Although there continues to be a variety of different techniques, no one procedure has proved singular in its utility.16 Surgeons choose procedures based on familiarity, educational background, or particular anatomical needs. As with most surgical procedures, it is best to have more than one option available, choosing the one most appropriate based on the specific needs of the patient.
A thorough understanding of the anatomy of the head and neck is a critical element to any surgeon performing face-lifting procedures. When performing a face-lift, many anatomical structures must be taken into consideration and their precise location and orientation is crucial to predictably good results.
The skin of the face and neck represents the most external and recognizable structure that is evaluated and considered during face-lift surgery. However, one must also recognize the significant importance of the underlying nerves, vessels, SMAS, muscles, ligaments, and bone, as they contribute greatly to the appearance of the overlying skin.
The skin is a very demanding structure that requires precise handling during any surgical technique. Aside from its cosmetic importance, this squamous epithelium also serves as the body’s major defense organ. The epidermis is divided into five layers from superficial to deep consisting of the stratum corneum, stratum lucidum, stratum granulosum, stratum spinosum, and the stratum basale. The cellular component of the epithelium is about 95% keratinocytes but also includes melanocytes, Langerhans cells, and Merkel cells. The keratinized stratified squamous epithelium of skin (epidermis) overlies a complex dermal substructure.
The deeper dermis is divided into papillary and reticular subsets. The papillary dermis is the uppermost layer of the dermis. It is intimately associated with the rete ridges of the epidermis and composed of fine and loosely arranged collagen fibers. The reticular dermis is the lower layer of the dermis. It is composed of densely packed collagen fibers and serves as the primary location of dermal elastic fibers.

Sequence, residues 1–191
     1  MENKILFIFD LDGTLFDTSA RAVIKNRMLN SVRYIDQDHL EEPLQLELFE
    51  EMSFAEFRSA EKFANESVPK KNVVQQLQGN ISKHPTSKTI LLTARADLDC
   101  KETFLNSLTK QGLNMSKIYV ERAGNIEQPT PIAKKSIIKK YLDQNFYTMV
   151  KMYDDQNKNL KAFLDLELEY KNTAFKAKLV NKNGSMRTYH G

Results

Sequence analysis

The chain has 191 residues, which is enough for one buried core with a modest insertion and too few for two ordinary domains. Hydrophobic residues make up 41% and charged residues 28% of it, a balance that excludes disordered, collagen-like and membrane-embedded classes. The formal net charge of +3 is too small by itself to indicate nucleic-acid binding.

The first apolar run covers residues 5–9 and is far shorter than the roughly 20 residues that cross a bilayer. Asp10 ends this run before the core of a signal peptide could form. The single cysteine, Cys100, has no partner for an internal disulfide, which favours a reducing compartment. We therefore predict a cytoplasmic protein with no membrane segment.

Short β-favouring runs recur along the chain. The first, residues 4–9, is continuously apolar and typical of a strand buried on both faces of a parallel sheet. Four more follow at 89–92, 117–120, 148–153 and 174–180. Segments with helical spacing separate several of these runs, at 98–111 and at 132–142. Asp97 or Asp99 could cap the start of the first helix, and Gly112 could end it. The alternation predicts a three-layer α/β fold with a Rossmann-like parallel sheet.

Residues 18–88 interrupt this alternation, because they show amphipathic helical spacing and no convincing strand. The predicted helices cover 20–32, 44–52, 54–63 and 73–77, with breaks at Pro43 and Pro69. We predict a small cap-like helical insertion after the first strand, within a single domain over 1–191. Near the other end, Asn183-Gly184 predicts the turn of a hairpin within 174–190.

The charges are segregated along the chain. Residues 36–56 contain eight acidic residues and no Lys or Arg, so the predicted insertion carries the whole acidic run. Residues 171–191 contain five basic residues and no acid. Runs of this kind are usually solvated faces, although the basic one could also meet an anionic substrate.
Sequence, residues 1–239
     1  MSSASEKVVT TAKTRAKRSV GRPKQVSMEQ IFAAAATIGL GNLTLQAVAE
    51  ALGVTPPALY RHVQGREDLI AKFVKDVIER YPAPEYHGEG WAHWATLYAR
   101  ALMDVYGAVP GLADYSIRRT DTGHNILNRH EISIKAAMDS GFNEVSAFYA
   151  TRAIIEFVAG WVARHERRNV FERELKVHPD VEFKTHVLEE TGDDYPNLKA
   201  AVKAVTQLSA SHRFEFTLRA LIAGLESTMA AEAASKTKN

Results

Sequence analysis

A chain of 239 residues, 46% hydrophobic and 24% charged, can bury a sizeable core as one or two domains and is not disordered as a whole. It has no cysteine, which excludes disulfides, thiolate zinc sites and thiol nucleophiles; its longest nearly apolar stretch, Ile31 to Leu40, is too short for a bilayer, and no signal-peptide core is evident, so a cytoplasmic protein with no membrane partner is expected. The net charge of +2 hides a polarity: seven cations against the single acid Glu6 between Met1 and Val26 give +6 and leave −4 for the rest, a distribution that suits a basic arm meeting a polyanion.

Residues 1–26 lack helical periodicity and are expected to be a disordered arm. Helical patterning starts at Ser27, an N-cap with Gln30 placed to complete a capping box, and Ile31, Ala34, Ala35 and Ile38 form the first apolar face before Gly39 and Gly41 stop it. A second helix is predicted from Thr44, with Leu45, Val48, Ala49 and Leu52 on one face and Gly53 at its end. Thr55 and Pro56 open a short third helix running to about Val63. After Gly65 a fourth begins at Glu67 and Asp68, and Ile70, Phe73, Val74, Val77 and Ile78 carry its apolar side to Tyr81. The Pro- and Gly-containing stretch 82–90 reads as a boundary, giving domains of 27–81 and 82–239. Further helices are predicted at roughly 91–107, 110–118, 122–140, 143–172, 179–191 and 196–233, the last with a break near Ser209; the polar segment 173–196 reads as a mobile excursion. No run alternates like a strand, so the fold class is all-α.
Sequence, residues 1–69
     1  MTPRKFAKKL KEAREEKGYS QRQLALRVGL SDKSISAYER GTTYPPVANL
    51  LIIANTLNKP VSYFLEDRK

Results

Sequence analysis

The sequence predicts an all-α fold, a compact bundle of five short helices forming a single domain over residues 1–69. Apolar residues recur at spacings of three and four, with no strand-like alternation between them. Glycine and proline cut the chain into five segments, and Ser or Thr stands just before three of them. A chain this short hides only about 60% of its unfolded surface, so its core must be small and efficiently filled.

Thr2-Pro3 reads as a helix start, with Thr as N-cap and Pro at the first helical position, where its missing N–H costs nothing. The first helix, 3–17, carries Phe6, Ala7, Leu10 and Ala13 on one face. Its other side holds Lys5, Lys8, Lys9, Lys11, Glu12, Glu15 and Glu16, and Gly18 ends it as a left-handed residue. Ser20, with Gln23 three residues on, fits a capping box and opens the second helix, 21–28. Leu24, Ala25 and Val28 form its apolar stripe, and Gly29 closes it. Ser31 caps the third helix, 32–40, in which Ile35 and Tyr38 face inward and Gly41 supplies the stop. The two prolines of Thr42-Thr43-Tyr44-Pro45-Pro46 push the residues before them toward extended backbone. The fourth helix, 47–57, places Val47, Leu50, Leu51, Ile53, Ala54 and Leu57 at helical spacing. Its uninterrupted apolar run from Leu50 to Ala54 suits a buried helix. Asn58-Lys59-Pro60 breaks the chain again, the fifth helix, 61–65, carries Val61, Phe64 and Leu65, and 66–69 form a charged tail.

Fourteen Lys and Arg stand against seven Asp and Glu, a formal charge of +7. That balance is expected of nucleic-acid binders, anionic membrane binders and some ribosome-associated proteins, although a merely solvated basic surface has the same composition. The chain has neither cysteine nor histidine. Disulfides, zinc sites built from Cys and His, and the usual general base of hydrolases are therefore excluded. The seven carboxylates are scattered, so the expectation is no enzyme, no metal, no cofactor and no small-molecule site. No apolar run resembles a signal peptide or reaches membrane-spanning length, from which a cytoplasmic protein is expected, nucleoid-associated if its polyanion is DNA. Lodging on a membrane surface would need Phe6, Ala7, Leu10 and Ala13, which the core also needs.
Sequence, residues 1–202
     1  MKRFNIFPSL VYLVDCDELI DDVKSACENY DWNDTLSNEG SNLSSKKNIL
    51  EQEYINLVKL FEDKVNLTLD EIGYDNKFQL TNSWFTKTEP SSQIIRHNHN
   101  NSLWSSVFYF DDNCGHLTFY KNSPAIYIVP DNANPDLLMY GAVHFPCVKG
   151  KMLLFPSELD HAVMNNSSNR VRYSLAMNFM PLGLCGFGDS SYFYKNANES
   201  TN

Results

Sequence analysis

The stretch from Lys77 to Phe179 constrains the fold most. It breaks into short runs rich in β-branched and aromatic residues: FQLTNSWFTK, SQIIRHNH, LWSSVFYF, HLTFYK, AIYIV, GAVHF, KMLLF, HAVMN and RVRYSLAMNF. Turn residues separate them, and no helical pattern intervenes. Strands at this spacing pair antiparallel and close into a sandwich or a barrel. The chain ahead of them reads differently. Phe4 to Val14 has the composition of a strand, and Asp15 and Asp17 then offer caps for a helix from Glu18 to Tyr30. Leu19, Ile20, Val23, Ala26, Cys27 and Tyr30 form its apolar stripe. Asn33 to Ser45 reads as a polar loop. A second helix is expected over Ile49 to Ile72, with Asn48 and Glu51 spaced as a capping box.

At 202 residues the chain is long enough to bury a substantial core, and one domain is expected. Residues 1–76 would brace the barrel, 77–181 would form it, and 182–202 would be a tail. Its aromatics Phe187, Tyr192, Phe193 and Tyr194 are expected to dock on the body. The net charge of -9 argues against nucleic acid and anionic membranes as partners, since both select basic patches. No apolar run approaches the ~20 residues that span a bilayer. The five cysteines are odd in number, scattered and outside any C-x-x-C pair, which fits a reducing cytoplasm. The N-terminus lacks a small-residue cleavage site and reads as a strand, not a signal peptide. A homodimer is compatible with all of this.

Deep to the dermis lies the hypodermis, consisting primarily of the subcutaneous fat. The thickness of this layer varies greatly among individuals. Variability also exists in different locations on the face. This fatty layer is divided into lobules by fibrous connections, or septa. The cheeks and neck often present with significant amounts of subcutaneous fat in comparison with other areas of the face such as the forehead and chin. This is important when considering the various face-lift procedure options.9,18–20
As will be discussed later in this chapter, it is imperative that the surgeon consider relaxed skin tension lines when planning rhytidoplasty procedures (Figure 17.1). These lines, by definition, are lines of skin tension present when the skin is in its most relaxed state. In order to achieve the least amount of scarring following a skin incision, the direction of the incision relative to the lines of relaxed skin tension must be considered.21 Although every incision will create a scar, creating a scar that follows these lines produces the most ideal cosmetic result.
For obvious reasons, a thorough knowledge of the facial nerve anatomy is imperative when performing rhytidoplasty. The incidence of injury to this nerve is low, approximately 0.5–2.6%, but remains of significant concern due to the devastating nature of any injury to it during surgery. The course of the facial nerve as it emerges from beneath the superficial lobe of the parotid progresses from deep to superficial. Anterior and inferior to the ear, it is deep to the deep investing fascia. Continuing distally, the nerve separates into its two main trunks, and eventually into its five distal branches. The frontal branch becomes more superficial at the level of the zygomatic arch. Here, it lies just beneath the temporoparietal fascia. As the SMAS layer is a continuation of the temporoparietal fascia, SMAS imbrications must only be accomplished inferior to the level of the zygomatic arch in order to avoid the frontal branch of the nerve. The zygomatic and buccal branches of the facial nerve course between 0.8 and 3.5 cm anterior to the external auditory canal as they travel toward the anterior edge of the parotid gland. The zygomatic branch exits the parotid gland in close association with Stenson’s duct and deep to the parotideomasseteric fascia. As it continues forward, it terminates deep to the zygomaticus major muscle. The buccal branch traverses the surface of the masseter muscle, deep to the parotideomasseteric fascia, as it travels from deep to superficial. The marginal mandibular branch exits the parotid gland superior to the angle of the mandible in 80% of people. In 19% of cases, it may pass inferior to the mandible as much as 3 cm. At the antegonial notch, the mandibular branch crosses, or already has crossed, the mandible deep to the parotideomasseteric fascia or superficial layer of the deep cervical fascia. It continues anteriorly to innervate the depressors of the lips and mentalis muscle. The cervical branch of the facial nerve exits the parotid gland below the angle of the mandible and begins deep to the superficial layer of the deep cervical fascia. It continues anteriorly to traverse the undersurface of the platysma and provide its innervation.22